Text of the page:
The Herd formed in 2001 after the core members of the record label Elefant Traks decided to collaborate rather than submit individual tracks for a compilation.
What resulted was the self-titled album that featured the triple j hit ‘Scallops’, a song that became an Aussie backyard anthem.
Mid-2002 saw The Herd put the final touches on the follow-up album called An Elefant Never Forgets. The record featured the hit singles Burn Down The Parliament and 77%, the latter sparking contro- versy with its stinging criticism of the treatment of asylum seekers during the Tampa incident. Despite the uproar, triple j continued playing the song and hundreds of listeners requested it, eventually being voted into the triple j Hottest 100. The success of the album allowed the band to tour extensively and make inroads into the festival circuit.
The band’s third album The Sun Never Sets was their most ambitious and cohesive to date. Containing live favourites Unpredictable and We Can’t Hear You it also featured the first appearance of Jane Tyrrell who subsequently joined the band after some memorable guest appearances. After the release of the album The Herd performed a cover of Redgum’s classic anti-war song I Was Only 19 on triple j’s ‘Like a Version’. The song instantly connected with audiences, leading to an extraordinarily moving film clip featuring members of the Vietnam Veterans Federation of Australia. Redgum’s John Schumann became a good friend of the group, recording and performing the song with the band. Radio, television and print stories followed, including documentaries on ABC Television and triple j’sHack. Commercial radio picked up the song and it rated in the top 20 in 2006 triple j Hottest 100.
The Herd’s reputation as a fiery and electrifying live group only grew, with high profile festival slots on the national Big Day Out Tour, Splendour In The Grass, andHomebake and sold out shows across the country. In an unconventional set-up, The Herd perform with two MCs, two vocalists, an acoustic and an electric guitar, bass, piano accordion, clarinet, laptops and samplers.
2008 saw the release of their 4th album Summerland that debuted at #7 on the ARIA Album Charts and was nominated for an ARIA. The album went on to win Best Independent Artist and Best Urban/Hip Hop Album at the AIR Awards that year. The lead single, The King is Dead, was a celebration of political change, and their film clip for 2020 (directed by the talented Mike Daly) went on to win the J Award for Best Music Video 2008. After their most successful tour to date the band was invited to take part in Cannot Buy My Soul a tribute to Kev Carmody, playing alongside Paul Kelly, Tex Perkins, Missy Higgins and The Drones, amongst others, in sold-out shows at the State Theatre and Brisbane’s River Stage.
2011 saw the band release their fifth record, Future Shade. The first single ‘The Sum of it All’ was the most played song on triple j for the entire month of March. The band returned to the live arena with a show at Splendour In The Grass followed by two highly successful national tours throughout the year. The record was universally praised for its sharp social commentary and complex musical arrangements. It was named iTunes Australian Hip Hop Album of the Year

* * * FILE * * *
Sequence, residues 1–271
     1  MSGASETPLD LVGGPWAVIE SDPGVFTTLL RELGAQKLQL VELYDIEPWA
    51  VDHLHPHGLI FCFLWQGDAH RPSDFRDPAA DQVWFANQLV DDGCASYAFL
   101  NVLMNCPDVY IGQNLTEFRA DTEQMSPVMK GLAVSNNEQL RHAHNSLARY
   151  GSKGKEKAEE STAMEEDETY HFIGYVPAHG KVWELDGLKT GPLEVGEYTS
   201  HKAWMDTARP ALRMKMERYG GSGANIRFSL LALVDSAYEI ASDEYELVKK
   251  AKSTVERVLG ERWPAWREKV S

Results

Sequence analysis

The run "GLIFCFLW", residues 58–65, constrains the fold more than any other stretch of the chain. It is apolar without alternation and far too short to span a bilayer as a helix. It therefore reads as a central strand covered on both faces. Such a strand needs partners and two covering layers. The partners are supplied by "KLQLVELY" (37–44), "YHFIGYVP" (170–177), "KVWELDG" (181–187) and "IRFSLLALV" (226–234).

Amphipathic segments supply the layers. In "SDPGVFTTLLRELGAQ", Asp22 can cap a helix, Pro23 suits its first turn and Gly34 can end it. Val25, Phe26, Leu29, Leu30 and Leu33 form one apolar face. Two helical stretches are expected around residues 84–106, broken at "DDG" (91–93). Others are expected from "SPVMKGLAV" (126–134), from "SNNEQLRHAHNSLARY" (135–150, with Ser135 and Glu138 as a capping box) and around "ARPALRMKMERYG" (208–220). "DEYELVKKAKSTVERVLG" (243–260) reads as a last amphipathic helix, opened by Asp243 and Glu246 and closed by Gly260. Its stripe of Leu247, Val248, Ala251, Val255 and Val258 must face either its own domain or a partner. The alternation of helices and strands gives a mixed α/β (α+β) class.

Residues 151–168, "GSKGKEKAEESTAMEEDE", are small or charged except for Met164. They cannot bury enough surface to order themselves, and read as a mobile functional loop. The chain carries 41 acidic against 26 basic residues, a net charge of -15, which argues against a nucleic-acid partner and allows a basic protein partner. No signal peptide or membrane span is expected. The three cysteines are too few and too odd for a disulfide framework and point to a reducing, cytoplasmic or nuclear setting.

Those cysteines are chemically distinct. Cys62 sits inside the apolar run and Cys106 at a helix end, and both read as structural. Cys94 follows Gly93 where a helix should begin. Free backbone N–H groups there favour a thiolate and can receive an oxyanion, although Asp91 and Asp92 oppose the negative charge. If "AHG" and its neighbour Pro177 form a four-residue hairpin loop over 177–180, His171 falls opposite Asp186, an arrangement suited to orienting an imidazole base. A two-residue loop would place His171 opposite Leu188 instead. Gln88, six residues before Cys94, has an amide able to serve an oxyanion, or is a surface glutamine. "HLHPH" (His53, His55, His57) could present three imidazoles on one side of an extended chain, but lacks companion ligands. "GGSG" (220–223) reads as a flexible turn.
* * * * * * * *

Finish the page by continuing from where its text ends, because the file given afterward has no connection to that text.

2012 saw the group launch into their A Thousand Lives Tour playing to several thousand people across the country. They performed a moving rendition of Sam Cooke’s ‘A Change is Gonna Come’ as part of a Reconciliation Week special for triple j’s Like A Version. It proved very popular, selected amongst the best triple j covers of the of the year. In November The Herd performed alongside their label-mates in the Graphic Festival commissioned – Dr Seuss Meets Elefant Traks at Sydney’s Opera House.
As the ever impressive Australian music scene flourishes, one thing is certain: there is no group quite like The Herd.
“The Herd are one of the most respected and enduring crews in Australian hip-hop. The eight-strong Sydney collective count among their number some of the country’s smartest MCs (Urthboy, Ozi Batla) and sharpest producers (Traksewt, Sulo, Unkle Ho) and in the 10 years since their formation – in packed festival tents and at sold-out shows of their own – they have made us dance, laugh and think”
SYDNEY MORNING HERALD
“Here Aussie-hop hop supergroup The Herd have made their most adventurous – and listenable- album”
“Future Shade is just as operatic as it is opinionated – an accomplished snapshot of social commentary, framed by beautifully complex music”
THE HERD – ‘77%’
These guys were one of the first groups making really poignant political joints that struck a chord with the growing scene and this tune in particular was definitely responsible for that. Classic bassline and lyrics that are just as applicable today as they ever were. WAKEUP! – Funkoars
Appeared on the 2005 Documentary Film Skip Hop Vol 1 Released on Rubber Records